View from Westminster 25th Novemer 2016

From time to time, misunderstanding abound about how things work. This often leads to a run of letters to local MPs, and two such events have happened recently.

The first concerns President Elect Trump and who will be the British Ambassador to Washington. UKIP caretaker leader Nigel Farage has been hot on the Trump campaign trail and as a result has struck up a bit of a friendship with the new president. Speculation has been rife as to what role Farage might play in forging new links between the British government and the new presidential team. This week, President Elect Trump suggested that Nigel Farage could be the new British Ambassador.

There is no role for Farage to play. British Ambassadors are appointed by The Queen, having been advised by the government. In any practical sense, the Foreign and Commonwealth Office are the ones who are fully appraised of all the potential candidates. And even in a wider context, the UK government has plenty of contacts with The White House, so Farage will not play any part. That said, of course, Donald Trump is perfectly free to give Farage a job if he wishes and frankly I can see why it is an appealing job, having hung up his political boots in the UK, for Farage to cross the Atlantic. And good luck to him.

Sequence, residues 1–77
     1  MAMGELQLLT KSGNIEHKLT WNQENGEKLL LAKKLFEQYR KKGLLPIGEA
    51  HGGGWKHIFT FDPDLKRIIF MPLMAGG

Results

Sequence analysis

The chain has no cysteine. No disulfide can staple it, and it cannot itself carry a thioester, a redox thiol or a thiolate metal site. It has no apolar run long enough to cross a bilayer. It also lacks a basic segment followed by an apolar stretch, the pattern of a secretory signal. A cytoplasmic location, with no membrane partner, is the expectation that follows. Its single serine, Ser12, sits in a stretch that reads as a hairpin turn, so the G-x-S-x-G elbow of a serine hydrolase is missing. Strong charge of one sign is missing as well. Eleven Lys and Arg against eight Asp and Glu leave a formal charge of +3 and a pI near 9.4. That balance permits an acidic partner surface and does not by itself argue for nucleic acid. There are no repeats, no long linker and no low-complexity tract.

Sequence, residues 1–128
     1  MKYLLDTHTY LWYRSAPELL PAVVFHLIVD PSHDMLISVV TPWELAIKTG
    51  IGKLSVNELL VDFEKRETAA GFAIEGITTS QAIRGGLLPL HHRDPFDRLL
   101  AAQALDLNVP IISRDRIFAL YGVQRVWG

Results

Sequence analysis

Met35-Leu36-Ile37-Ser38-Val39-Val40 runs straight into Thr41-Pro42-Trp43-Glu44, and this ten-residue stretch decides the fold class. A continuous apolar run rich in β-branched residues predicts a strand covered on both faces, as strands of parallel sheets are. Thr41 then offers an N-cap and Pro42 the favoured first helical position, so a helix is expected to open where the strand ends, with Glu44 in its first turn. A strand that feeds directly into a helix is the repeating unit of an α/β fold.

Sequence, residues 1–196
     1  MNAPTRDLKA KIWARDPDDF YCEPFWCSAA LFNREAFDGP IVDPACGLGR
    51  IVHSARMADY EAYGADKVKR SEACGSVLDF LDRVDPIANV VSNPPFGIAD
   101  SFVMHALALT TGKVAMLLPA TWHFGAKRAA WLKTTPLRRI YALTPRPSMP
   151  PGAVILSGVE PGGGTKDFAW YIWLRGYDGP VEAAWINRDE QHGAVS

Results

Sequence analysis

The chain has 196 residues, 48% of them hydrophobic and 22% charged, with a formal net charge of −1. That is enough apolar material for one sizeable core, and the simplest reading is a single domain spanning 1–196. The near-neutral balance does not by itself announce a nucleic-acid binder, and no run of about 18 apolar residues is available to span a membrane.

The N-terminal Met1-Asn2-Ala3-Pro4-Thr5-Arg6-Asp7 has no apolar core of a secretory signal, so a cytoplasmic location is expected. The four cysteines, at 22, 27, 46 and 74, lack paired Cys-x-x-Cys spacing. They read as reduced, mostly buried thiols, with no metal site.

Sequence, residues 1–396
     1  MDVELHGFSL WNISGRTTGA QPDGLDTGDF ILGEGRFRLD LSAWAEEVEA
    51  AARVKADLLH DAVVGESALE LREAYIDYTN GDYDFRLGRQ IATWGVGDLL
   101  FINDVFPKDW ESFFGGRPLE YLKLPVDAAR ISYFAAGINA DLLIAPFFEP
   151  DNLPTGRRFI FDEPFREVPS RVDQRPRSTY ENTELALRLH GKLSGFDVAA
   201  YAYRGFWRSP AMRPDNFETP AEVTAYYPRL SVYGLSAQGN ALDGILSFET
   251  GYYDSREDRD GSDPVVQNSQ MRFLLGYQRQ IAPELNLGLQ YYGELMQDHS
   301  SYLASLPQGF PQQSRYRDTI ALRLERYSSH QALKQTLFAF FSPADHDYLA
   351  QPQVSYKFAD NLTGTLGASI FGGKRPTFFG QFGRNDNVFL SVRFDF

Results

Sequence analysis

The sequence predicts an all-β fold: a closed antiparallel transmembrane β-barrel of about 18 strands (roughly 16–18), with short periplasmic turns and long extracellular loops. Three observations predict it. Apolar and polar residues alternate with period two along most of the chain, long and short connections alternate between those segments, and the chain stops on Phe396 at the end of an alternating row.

The second misunderstanding surrounds that of the role of votes and select committee members. I have had a few letters grumbling about my participating in a vote for Keith Vaz MP to become a member of the Justice Select Committee. Keith is a well-known Labour MP who is currently undergoing some local trouble with regards, allegedly, some prostitutes and recreational pharmaceuticals. This led him to stand down as chair of the Home Affairs Select Committee. His nomination to be on the Justice Committee was challenged and so it went to a vote.

The principle at stake here is one of fairness. Places on committees are allocated to political parties and, in this case, the Labour Party decided amongst itself that Keith was the best man. In challenging this appointment, the idea that the Labour Party should be allowed to pick its own members was under challenge. I have no axe to grind either way against Keith, but I will stand firm on the principle that Labour must choose its own select committee members.